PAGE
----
“There are calls from the people demanding their security,” he said. “We are going to allow the ones who really need to defend themselves, those who are under threat and those who can handle them in a disciplined manner [to bear arms]."

 Padoh Man Man, the spokesman of the Karen National Union armed ethnic group’s fifth brigade, said the policy is worrisome because it may lead to unnecessary shootings and killings.

"About 3 years ago, the military adopted a policy for a mandatory military service for citizens 18 years and older, but they could not implement it successfully,” he said. “This new policy is their second attempt to do that. This is really a seriously worrisome situation for our country.”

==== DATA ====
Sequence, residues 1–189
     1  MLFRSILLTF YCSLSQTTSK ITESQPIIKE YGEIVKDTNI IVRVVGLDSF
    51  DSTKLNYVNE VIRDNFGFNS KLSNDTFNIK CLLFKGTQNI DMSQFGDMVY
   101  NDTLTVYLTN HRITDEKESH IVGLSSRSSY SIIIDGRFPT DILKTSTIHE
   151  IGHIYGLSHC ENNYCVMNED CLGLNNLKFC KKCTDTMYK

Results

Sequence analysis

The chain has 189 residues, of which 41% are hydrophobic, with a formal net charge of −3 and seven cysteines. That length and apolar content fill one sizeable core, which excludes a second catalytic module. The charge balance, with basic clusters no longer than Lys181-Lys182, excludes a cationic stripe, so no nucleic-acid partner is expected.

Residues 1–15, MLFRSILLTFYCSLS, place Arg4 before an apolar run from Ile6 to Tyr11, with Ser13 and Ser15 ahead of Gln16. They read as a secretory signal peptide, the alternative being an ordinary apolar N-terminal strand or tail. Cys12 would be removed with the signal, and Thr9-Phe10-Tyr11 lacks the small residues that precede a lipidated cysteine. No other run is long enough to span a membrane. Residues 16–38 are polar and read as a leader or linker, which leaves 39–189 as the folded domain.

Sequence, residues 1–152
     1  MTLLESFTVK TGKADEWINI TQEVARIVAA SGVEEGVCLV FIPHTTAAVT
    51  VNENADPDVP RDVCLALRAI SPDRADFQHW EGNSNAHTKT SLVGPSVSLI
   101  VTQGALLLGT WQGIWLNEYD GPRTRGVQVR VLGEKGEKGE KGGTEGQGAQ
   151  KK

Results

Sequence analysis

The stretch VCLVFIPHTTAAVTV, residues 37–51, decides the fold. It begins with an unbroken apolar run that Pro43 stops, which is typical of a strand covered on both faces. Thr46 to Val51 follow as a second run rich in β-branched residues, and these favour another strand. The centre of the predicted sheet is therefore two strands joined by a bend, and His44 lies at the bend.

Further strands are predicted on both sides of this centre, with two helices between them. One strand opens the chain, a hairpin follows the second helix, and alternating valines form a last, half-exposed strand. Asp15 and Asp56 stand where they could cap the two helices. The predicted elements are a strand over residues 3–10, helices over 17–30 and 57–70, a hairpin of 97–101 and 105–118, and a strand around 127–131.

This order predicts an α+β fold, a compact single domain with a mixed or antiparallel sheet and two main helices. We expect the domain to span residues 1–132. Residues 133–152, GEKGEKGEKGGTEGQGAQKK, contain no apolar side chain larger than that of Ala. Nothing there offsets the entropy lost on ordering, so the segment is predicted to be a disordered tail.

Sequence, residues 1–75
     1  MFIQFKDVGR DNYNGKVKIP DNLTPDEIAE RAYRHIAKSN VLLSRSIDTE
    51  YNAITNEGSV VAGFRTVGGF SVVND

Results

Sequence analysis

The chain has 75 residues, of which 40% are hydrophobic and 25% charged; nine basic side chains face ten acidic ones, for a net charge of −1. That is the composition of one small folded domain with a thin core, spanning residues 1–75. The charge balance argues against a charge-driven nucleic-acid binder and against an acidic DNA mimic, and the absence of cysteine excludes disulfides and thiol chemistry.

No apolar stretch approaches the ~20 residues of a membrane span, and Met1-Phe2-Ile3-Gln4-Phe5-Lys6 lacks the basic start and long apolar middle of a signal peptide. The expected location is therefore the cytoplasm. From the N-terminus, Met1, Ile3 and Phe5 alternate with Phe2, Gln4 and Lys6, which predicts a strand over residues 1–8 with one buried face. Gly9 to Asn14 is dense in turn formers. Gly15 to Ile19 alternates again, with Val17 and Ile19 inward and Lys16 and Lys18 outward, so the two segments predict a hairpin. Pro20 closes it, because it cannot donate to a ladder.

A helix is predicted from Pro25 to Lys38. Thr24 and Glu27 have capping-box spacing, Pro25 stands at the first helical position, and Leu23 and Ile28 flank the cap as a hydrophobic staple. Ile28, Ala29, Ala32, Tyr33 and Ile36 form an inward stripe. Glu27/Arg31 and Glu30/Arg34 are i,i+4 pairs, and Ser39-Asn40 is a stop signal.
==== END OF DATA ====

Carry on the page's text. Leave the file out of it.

Organizations on both sides of the political spectrum said that resistance forces are shooting and killing people suspected of being junta informants, while the military is arresting and killing those it accuses of being resistance members.

The military reported that 5,443 government officials, chief administrators, monks, and children were killed across the country between Feb. 1, 2021 and Jan. 25, 2023, and another 4,577 injured.

Thailand’s Assistance Association for Political Prisoners said that, as of Monday, authorities in Myanmar had killed 2,988 civilians throughout the country since the military coup.

Civil war imminent? 

Sunday was Union Day in Myanmar, a holiday commemorating the 1947 Panglong agreement which united the various parts of the country prior to its independence from Britain. However, escalating violence means that the country is headed toward a wider civil war, according to a statement by the Peace Process Steering Team, formed by representatives of armed ethnic organizations and tasked with negotiating with the junta for peace.